What Kind Of Images Are In Demand?

Posted on 8/11/2020 by Jim Pickerell | Printable Version | Comments (0)

If you would like insight into the kind of images that are in demand and what you should be shooting you might want to take a look at AdobeStock. Adobe offers some features other major agencies don’t. Exploring the site could help you decide what kind of images might earn the most money for you.

Downloads


One of the unique features is that Adobe allows the user to sort images by downloads. To begin a search, you must enter a keyword. Pick anything, but I started with “people.” Currently, Adobe has 30,265,764 “people” images. Once those results appear change the category you’re searching for to “All” and go to the right and change the “Sort by” from “Relevance” to “Downloads.”



The first picture that appears is of a man and a woman giving a boy and a girl piggyback rides and everyone is smiling at the camera. This picture created by Monkey Business Images is at least a decade old, on all the microstock sites, and has probably been licensed many thousands of times.

To get a better sense of the subject matter in greatest overall demand, I removed people from the search bar and did a new search leaving the search bar blank. That gave me 220,934,316 returns which should be all the images in the collection in order of popularity, or number of downloads.

If you then change the “All” to “Images” you will get all the photos and illustrations in the collection. You’ll also need to go back change the sort to “Downloads” again because it defaults to “Relevance” with each new search. Also, you have the option of dividing the image search by clicking on either "Photos, Illustrations or Vectors" at the top of the page.



When I did the search 71% of the total images were photos. Illustrations and Vector combined represented 29% of the total Images. Of the Illustrations and Vectors  group 71% were Vectors and only 29% were illustrations. In other words Illustrations only represent 8.5% of the total Images collection.

Presumably, what Adobe means by “Downloads” search is that the image with the greatest number of downloads on their site is shown first, the image with the second highest number of downloads is shown second and so on. As you go through the first few pages this begins to tell you the type of subject matter that is in greatest demand.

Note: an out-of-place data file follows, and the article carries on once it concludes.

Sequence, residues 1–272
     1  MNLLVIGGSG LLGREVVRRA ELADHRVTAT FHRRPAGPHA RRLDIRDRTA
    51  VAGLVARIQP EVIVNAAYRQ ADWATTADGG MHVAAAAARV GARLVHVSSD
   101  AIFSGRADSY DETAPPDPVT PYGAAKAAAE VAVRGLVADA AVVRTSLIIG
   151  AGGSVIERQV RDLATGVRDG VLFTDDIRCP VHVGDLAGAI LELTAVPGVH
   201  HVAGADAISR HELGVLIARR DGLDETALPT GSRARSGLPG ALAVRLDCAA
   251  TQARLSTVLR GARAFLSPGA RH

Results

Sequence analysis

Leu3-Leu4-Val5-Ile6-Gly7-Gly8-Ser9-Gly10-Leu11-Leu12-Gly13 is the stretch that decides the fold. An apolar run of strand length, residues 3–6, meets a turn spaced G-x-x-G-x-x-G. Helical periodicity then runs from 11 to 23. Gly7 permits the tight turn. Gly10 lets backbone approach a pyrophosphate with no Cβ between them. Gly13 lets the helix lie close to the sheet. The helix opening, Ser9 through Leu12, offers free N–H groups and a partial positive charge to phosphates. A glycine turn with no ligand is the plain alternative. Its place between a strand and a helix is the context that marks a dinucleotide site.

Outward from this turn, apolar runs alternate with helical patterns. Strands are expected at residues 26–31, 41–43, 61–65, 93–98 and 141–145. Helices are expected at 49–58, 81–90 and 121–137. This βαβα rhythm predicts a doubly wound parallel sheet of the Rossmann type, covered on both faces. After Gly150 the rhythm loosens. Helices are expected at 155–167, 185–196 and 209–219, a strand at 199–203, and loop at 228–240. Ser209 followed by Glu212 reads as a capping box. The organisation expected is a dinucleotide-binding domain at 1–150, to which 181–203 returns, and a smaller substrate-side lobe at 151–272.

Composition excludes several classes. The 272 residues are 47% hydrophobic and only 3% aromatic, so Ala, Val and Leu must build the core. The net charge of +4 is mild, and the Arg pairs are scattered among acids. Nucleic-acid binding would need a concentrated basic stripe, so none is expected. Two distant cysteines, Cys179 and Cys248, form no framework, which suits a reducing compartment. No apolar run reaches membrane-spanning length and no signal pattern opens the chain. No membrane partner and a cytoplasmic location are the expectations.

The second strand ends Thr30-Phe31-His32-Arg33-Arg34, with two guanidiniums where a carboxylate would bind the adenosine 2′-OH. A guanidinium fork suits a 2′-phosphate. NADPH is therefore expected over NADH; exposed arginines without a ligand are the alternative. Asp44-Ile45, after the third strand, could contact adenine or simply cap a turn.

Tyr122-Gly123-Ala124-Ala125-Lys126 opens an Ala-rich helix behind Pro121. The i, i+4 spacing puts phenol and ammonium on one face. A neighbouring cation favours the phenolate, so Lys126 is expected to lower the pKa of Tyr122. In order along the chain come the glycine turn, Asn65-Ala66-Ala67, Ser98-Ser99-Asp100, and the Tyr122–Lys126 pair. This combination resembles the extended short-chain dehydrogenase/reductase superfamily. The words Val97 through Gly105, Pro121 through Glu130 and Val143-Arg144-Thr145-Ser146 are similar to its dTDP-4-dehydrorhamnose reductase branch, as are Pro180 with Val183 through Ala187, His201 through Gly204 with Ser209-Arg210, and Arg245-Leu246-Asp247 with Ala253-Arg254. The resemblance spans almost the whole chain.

Getty Images offers a “most popular” search option, but they don’t tell us how they come up with what is popular and what isn’t. I suspect they use some system other than just downloads to establish the order in which the images are presented. Shutterstock has a “Most relevant” default search which only tells you what the Shutterstock editors want you to look at first and a “Fresh content” which presumably is the same as “Most Recent” at Adobe.

Photos Or Illustrations


One of the things that interests me about the Adobe search is that about 53% of the first 1,000 images shown are illustrations, not photographs. This is particularly interesting when we see that there a much smaller percentage in the collection (29%) than photos (71%). Clearly illustrations are in much higher demand and sell much more frequently relative to the total images in the collection than photos.

In addition, many of the photographs have type or other elements added to a basic photograph to make the image work. I suspect that in all these cases it was an illustrator who uploaded the image to the adobe collection, and it is the illustrator, not the person who created the photograph that is part of the illustration, who is receiving royalties from the licensing of the image.